Fantastic Beasts and Where to Find Them Reviews
What's the movie about? That's a hard question to answer because it feels as though it's about so many things at once. There's an evil religious cult, the main character wants to save and rescue these magical creatures from some sort of persecution we never get to see, and there's a flimsy "mixed race" relationship between a muggle and a wizard. How do these all relate? They barely do.
The film does that whole X-Men thing where it's supposed to be a metaphor for race. Like the muggles vs the wizards. Like why do we, the more superior beings, have to live by the human rules and hide. #NoMoreHiding. To prove that racism and sexism doesn't exist in their world they have a black woman president. I'm so tired of the trope where people of color are in high positions of power to show racial diversity, and that it's a post racist society, but none of the main cast who get the most screen time and lines are people of color, they're all white - Octavia Spencer in Divergent for instance. They kind of stopped doing it in the Hunger Games, and those teen dystopias where all the villains where white women... but I guess they did that because they were evil and didn't want the POC to be evil?
As a side note, I guess Mr. Poe and all the POC guardians in Unfortunate Events are good visual representation (besides all the adults being incompetent), but still they die and it's only to show they live in a post racial reality. But they still address women's issues, so it's not a post feminist world...? ANYWAY, back to Fantastic Beasts. The main character's (Newt Scamander played by Eddie Redmayne whose performance is actually pretty good) goal is to humanize the fantastic beasts he finds (that don't have a language), but what about the house elves?! House elves are prevalent throughout the film, but aren't they magical creatures that need protection? What about the giants, centaurs, and goblins? Aren't they magical beasts?! Heck, aren't wizards technically magical beings. Where do they draw their version of the color line? I guess it's with language... because the animals can't talk, but the elves can so they should be equal with wizards, but aren't because of their color line. But goblins in the film seem to be doing great despite them looking like elves. Is there passing in this society? This would be a real racial metaphor, but instead they opt for other plot lines. There's another color line because in this time period muggles can't marry wizards. And that's the relationship they focus on.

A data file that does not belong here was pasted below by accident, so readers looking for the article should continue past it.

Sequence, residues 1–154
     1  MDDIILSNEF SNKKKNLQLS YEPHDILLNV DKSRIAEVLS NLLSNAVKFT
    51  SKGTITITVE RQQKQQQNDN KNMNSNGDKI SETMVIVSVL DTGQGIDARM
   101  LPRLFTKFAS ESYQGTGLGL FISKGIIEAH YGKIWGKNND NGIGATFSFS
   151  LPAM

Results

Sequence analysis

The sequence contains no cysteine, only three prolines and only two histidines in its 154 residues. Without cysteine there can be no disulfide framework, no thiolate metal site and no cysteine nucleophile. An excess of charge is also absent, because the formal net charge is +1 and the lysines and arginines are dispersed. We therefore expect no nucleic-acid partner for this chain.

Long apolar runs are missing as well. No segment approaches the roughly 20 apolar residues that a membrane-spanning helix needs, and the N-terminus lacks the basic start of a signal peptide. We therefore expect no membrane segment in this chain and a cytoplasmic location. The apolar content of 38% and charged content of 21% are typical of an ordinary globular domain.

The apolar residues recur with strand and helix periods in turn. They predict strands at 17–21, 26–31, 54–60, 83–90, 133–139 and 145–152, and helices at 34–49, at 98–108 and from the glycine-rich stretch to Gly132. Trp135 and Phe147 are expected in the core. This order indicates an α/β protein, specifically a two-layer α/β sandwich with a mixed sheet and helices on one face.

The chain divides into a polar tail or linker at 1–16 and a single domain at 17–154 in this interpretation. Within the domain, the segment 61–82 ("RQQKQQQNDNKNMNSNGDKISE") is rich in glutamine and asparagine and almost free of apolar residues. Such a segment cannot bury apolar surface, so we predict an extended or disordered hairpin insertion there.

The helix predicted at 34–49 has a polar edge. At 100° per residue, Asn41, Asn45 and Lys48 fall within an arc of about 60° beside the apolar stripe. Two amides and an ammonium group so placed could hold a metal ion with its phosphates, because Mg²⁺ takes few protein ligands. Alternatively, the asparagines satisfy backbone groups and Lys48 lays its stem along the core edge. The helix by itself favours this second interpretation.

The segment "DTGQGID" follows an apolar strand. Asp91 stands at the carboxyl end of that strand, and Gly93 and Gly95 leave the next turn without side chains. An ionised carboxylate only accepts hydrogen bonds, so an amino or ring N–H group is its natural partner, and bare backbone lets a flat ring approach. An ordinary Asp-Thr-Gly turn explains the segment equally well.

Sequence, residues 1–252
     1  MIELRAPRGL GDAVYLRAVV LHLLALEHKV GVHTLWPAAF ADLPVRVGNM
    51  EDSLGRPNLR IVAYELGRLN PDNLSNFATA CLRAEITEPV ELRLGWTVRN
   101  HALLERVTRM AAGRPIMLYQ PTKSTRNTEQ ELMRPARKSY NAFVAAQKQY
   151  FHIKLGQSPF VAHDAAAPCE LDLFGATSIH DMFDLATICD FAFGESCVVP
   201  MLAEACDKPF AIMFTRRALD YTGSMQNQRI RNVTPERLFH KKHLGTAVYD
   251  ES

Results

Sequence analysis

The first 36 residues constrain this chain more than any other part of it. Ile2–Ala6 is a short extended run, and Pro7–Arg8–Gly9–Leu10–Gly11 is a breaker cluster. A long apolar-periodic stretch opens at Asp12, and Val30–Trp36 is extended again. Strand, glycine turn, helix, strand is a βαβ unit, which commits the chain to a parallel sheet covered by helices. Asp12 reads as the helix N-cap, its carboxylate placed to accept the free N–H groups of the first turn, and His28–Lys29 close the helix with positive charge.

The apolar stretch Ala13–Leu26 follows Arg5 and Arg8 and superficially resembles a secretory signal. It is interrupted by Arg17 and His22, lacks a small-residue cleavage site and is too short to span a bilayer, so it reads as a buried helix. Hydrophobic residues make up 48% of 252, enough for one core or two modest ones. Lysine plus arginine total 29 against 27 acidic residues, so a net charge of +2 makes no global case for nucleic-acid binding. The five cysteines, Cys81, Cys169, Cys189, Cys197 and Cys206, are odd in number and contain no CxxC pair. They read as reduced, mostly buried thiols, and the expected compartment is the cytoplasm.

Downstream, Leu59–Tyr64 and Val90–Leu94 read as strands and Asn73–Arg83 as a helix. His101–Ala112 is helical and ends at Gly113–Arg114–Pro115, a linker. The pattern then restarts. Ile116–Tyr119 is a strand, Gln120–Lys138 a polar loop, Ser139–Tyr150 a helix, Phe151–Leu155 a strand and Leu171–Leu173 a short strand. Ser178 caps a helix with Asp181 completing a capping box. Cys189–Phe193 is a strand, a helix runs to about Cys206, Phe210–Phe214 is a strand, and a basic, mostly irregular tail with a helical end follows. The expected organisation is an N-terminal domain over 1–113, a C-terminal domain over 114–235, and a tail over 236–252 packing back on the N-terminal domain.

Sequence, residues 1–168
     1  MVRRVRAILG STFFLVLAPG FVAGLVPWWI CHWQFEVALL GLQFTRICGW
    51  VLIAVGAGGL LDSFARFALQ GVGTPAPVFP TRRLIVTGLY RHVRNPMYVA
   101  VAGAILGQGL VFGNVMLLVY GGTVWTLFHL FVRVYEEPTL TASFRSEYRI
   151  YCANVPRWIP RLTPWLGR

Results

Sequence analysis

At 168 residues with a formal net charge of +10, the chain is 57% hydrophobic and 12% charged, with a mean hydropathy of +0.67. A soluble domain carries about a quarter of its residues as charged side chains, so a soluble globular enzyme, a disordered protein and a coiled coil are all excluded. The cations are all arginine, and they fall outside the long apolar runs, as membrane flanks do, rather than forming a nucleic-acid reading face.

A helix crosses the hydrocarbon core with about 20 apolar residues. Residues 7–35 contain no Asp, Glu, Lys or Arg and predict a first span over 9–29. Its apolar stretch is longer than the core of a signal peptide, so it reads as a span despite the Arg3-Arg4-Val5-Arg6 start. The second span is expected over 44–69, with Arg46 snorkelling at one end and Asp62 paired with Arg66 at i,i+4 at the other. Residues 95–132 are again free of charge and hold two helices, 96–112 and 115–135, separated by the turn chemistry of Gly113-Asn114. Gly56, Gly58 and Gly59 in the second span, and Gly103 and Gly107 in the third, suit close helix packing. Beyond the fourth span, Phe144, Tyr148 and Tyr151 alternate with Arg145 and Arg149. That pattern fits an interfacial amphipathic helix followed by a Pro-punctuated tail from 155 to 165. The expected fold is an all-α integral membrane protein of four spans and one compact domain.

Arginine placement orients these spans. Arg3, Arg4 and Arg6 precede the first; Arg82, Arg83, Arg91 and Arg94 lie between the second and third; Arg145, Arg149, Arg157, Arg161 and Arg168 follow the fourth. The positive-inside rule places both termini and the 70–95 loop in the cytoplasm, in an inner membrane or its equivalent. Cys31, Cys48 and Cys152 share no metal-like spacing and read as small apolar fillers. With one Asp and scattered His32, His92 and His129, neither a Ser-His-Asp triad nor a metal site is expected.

The story telling is basically all through exposition in the film. Save for some scenes where we see people's memories. Film is supposed to be a visual medium, but rarely do we get scenes that allow that. They never show the beasts that are supposedly being persecuted being persecuted. They just say that they are, and we have to take their word for it. It's the whole man is evil story and we're destroying nature. Which is true, but show it! Don't tell us. And I guess the plot line with Redmayne being a beast tamer and the obscurist mesh somehow because an obscurist in a magical creature that is being persecuted, but it's hard to tell because we never discovered the definition of "fantastic beasts."
Also if the film is going to be a mystery about evil religious cults be that! Go into the dark characters' past and their lives. Don't go from happy to sad happy to sad. Harry Potter was dark admittedly, but it knew what it had to be. This was all over the place just trying to set up a new movie and the ending is long winded. JUST END ALREADY! The random politician died randomly just to show that the obscurist was evil because it killed a muggle. And they tried to make a Citizen Kane reference for no reason! We didn't feel anything at all for the character that died.
If it's going to be about a no maj wizard relationship do that. But stop going back and forth. The cult is kept in the shadows for a twist/reveal thing, but that's the most interesting part of the movie. Newt's story line about finding the beasts that are lost in NYC is boring, the CGI is really bad. You can see the green screen hanging in the background. Nothing looks real. I couldn't suspend my disbelief.
Lastly, the main character barely got any back story. In the end nothing really even gets revealed about him. Only through some sloppy exposition we know he got kicked out of Hogwarts, but Dumbledore likes him. And Newt has a mysterious ex partner who was part of the Lestrange family. Ok?
It's all just a messy prequel to lead up to the next five movies. I don't know what they'll be about, but I'm not holding my breath. And we know they won't help the house elves because even 80 years later they're still enslaved! I think what's sad about this new franchise is that it ruins Harry Potter. This sloppy mess being associated with such a great film series actually makes me dislike the new movies more, and romanticize the previous films. I don't know if that was intended, but just bring back Harry Potter to the big screen for a re-release or something if you need money. Overall, I give in a 6.5/10. If you're a diehard Potter fan and just want more of the universe, you'll like it, if you want something as good as the originals, it's not there.
It's a gorgeous movie, and if you're looking for a new, different type of hero, this film delivers.